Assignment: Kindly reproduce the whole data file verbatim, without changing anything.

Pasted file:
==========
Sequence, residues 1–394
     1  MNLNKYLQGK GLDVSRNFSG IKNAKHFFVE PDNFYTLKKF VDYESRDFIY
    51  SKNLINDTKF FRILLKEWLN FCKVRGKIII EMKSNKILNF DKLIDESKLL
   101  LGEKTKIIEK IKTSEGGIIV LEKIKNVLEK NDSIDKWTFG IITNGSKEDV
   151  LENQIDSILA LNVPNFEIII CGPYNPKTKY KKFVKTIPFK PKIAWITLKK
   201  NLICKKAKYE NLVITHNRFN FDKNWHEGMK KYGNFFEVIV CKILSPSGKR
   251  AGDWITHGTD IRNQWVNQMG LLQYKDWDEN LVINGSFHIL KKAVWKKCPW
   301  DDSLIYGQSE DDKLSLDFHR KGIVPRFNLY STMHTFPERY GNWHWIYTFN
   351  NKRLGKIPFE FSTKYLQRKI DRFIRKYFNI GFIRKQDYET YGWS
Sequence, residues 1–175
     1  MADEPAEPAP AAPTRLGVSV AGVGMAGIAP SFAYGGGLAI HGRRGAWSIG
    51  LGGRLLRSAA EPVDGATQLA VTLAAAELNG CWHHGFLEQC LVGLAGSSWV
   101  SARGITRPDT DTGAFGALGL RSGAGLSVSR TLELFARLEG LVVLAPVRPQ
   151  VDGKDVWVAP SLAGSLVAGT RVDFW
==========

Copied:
Sequence, residues 1–394
     1  MNLNKYLQGK GLDVSRNFSG IKNAKHFFVE PDNFYTLKKF VDYESRDFIY
    51  SKNLINDTKF FRILLKEWLN FCKVRGKIII EMKSNKILNF DKLIDESKLL
   101  LGEKTKIIEK IKTSEGGIIV LEKIKNVLEK NDSIDKWTFG IITNGSKEDV
   151  LENQIDSILA LNVPNFEIII CGPYNPKTKY KKFVKTIPFK PKIAWITLKK
   201  NLICKKAKYE NLVITHNRFN FDKNWHEGMK KYGNFFEVIV CKILSPSGKR
   251  AGDWITHGTD IRNQWVNQMG LLQYKDWDEN LVINGSFHIL KKAVWKKCPW
   301  DDSLIYGQSE DDKLSLDFHR KGIVPRFNLY STMHTFPERY GNWHWIYTFN
   351  NKRLGKIPFE FSTKYLQRKI DRFIRKYFNI GFIRKQDYET YGWS
Sequence, residues 1–175
     1  MADEPAEPAP AAPTRLGVSV AGVGMAGIAP SFAYGGGLAI HGRRGAWSIG
    51  LGGRLLRSAA EPVDGATQLA VTLAAAELNG CWHHGFLEQC LVGLAGSSWV
   101  SARGITRPDT DTGAFGALGL RSGAGLSVSR TLELFARLEG LVVLAPVRPQ
   151  VDGKDVWVAP SLAGSLVAGT RVDFW